How to Grow Brussels sprouts
Brussels sprouts flavor improves when the weather cools and gets better still when exposed to frost. Because of the way temperature affects the flavor of the sprouts, timing is important. Exposure to warm weather makes the sprouts large and loose. Later in the season, when the weather gets colder, the buds on the same plant will be smaller, tighter and better tasting.
Brussels sprouts need a long growing season. The earliest varieties require 85 days from seed to harvest. Late varieties can take up to 180 days, depending on variety and weather conditions. Traditionally, they are started in outdoor seed beds 10 to 12 weeks before the first fall frost. Plant seeds ¼-1/2 deep, 3-4 apart. When the plants are about 6 tall they are moved into their permanent location, planted 18-24 apart. The soil should have high fertility and good moisture retention, both of which can be improved with the generous use of compost.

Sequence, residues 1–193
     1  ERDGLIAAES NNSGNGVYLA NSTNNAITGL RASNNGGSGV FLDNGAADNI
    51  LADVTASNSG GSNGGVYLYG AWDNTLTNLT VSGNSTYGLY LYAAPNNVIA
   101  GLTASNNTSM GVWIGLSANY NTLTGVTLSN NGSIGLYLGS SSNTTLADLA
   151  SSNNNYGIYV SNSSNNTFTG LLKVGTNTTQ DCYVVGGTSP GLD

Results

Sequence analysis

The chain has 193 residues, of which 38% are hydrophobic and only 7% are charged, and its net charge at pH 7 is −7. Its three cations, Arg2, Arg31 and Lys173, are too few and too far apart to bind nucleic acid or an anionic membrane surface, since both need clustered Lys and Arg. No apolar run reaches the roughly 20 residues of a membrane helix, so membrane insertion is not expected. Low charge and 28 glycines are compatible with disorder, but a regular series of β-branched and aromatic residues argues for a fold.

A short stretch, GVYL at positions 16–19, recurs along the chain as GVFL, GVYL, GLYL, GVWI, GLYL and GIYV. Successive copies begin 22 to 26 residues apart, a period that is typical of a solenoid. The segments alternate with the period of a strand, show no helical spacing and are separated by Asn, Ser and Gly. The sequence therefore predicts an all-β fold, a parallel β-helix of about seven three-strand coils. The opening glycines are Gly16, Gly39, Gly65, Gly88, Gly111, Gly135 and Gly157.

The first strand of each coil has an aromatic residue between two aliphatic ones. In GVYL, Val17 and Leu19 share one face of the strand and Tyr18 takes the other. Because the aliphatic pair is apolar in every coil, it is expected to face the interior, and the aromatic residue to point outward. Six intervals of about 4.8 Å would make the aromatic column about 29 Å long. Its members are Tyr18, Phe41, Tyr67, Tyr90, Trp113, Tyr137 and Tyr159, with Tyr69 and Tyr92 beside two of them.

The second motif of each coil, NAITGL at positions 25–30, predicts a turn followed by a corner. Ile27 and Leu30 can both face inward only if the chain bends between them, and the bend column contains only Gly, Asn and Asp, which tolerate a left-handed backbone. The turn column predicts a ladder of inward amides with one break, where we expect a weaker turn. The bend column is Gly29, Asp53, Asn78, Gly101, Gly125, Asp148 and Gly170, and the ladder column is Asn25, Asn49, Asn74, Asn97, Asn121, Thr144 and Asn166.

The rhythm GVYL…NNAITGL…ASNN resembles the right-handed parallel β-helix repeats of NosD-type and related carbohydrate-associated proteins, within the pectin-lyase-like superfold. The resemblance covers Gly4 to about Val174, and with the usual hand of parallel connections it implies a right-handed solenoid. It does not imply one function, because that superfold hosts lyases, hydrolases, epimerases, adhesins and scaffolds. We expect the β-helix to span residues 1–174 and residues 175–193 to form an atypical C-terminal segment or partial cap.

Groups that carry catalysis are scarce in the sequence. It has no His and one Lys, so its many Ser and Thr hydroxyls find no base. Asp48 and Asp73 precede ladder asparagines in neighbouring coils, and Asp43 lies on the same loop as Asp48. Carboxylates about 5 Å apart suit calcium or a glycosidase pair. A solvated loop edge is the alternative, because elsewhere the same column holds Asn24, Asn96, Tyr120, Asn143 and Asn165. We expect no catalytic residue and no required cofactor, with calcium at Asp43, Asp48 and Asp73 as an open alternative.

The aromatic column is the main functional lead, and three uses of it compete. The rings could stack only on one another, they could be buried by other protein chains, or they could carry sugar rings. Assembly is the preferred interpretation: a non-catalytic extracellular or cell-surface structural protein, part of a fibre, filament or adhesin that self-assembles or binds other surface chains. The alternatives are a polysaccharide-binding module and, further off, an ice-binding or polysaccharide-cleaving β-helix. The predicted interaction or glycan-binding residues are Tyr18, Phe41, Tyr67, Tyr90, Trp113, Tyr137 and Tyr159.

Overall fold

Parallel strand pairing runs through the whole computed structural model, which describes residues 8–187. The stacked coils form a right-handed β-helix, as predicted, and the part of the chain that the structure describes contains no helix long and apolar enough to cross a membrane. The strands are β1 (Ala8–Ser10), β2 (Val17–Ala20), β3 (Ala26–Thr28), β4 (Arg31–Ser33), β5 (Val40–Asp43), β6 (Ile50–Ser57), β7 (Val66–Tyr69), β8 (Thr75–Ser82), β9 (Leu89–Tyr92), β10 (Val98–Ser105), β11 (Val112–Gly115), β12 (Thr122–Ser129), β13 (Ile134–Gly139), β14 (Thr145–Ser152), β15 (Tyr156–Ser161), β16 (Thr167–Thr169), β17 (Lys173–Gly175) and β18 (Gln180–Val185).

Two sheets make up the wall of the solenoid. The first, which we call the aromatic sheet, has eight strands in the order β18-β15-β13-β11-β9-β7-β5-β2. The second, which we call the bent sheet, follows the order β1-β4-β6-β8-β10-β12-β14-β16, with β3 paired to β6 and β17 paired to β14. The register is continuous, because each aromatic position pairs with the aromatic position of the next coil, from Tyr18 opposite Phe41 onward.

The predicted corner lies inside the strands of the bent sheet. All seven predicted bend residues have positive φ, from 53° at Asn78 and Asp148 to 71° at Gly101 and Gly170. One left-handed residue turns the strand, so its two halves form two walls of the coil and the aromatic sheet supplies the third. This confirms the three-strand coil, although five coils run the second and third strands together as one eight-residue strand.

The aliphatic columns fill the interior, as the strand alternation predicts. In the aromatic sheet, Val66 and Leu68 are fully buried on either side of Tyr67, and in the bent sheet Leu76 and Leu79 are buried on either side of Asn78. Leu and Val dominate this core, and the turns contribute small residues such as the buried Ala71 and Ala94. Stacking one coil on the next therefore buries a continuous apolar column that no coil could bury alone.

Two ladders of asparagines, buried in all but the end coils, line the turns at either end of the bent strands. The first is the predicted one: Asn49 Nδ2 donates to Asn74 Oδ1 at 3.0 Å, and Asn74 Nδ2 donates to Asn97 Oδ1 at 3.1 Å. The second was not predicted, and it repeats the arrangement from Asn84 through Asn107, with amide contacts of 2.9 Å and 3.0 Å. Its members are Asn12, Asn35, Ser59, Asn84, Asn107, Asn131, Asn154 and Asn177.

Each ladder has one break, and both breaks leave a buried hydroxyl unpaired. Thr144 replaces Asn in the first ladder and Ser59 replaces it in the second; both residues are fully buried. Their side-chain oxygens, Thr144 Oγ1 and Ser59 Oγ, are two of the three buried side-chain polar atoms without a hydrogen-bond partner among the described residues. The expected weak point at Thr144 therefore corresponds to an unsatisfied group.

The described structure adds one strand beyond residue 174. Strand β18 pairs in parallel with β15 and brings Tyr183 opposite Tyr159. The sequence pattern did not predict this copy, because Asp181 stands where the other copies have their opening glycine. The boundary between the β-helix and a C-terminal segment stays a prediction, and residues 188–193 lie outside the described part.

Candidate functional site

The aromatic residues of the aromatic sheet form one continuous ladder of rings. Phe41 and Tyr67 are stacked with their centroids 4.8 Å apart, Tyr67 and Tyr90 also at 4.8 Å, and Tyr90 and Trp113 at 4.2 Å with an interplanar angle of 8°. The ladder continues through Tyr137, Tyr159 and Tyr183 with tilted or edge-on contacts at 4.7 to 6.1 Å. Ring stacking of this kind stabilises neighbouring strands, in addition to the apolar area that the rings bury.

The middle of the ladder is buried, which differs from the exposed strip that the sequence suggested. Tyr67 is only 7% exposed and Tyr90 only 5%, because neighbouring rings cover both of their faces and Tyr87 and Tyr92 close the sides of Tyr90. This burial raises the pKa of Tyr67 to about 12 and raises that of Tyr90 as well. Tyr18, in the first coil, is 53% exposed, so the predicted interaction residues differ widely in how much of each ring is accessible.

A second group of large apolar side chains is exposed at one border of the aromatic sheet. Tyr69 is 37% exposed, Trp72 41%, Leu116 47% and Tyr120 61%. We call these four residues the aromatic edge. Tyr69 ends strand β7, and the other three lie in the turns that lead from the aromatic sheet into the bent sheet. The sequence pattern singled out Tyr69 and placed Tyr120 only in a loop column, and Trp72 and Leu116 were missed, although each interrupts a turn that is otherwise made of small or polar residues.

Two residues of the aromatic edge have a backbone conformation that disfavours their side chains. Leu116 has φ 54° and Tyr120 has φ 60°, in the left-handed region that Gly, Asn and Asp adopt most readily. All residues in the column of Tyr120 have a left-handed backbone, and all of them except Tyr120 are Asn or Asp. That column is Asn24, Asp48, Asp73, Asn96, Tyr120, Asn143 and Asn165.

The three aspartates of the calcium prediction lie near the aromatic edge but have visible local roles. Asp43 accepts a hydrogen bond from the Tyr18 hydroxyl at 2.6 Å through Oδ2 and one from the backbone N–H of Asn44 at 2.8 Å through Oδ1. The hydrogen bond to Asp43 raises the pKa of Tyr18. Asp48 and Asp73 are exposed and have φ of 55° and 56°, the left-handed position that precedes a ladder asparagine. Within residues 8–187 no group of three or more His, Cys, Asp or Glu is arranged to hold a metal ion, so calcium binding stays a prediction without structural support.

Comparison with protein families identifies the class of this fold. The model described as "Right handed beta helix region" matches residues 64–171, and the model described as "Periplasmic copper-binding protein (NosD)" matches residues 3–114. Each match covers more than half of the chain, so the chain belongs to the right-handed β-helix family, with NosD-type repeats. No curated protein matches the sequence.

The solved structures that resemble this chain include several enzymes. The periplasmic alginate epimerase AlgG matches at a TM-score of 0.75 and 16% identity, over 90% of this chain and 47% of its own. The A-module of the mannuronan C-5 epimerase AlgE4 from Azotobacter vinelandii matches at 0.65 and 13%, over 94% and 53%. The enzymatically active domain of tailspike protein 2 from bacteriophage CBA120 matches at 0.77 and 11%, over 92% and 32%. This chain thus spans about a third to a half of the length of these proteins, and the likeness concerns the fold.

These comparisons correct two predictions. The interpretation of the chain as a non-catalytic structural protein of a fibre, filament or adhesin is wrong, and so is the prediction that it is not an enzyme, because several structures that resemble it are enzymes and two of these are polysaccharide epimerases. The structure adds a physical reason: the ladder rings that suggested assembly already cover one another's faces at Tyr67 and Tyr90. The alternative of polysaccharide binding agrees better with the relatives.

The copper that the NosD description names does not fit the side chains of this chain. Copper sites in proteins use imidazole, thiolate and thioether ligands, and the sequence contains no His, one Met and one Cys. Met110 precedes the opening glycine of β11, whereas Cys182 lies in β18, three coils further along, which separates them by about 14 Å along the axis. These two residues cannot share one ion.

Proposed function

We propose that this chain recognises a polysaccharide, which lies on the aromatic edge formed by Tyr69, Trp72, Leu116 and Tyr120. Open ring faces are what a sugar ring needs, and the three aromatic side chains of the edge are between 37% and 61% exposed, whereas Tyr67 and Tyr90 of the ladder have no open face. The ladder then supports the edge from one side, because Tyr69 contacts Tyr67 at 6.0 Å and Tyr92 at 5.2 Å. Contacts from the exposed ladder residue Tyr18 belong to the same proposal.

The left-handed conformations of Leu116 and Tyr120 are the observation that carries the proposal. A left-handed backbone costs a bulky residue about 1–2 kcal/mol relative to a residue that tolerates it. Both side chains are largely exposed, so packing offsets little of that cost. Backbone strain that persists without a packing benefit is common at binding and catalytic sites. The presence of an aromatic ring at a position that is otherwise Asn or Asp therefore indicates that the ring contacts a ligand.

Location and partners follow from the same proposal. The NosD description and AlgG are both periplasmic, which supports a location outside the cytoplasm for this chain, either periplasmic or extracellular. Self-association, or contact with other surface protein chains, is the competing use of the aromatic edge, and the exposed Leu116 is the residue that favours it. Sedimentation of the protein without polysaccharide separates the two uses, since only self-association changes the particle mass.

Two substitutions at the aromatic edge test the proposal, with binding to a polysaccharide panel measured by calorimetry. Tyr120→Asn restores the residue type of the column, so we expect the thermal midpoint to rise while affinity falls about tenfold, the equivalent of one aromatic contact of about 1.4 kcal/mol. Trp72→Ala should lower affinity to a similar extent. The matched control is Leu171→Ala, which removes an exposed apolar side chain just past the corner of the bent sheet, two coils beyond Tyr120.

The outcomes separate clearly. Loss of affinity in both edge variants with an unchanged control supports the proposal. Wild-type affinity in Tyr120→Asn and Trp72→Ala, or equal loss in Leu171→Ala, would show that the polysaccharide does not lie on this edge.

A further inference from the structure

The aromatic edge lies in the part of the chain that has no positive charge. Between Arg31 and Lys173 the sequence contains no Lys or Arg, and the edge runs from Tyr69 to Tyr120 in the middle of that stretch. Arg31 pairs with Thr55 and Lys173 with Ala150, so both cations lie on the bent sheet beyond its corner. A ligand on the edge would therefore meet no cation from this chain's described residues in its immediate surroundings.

Brussels sprouts, like cabbage, have sensitive roots that can be damaged with cultivation. To suppress weeds and retain moisture use mulch instead. Also like cabbage, to prevent your soil from harboring insects and disease, rotate your crops on three or four year rotations.
The sprouts are ready to harvest when they are 1 1-1/2 in diameter. Work from the bottom of the plant upward. As the plants develop the lower leaves turn yellow. Remove these to keep the bed tidy and to stimulate growth along the upper stem.
Brussels sprouts are usually eaten fresh off the plant but they can be stored for approximately a month in cool, moist conditions.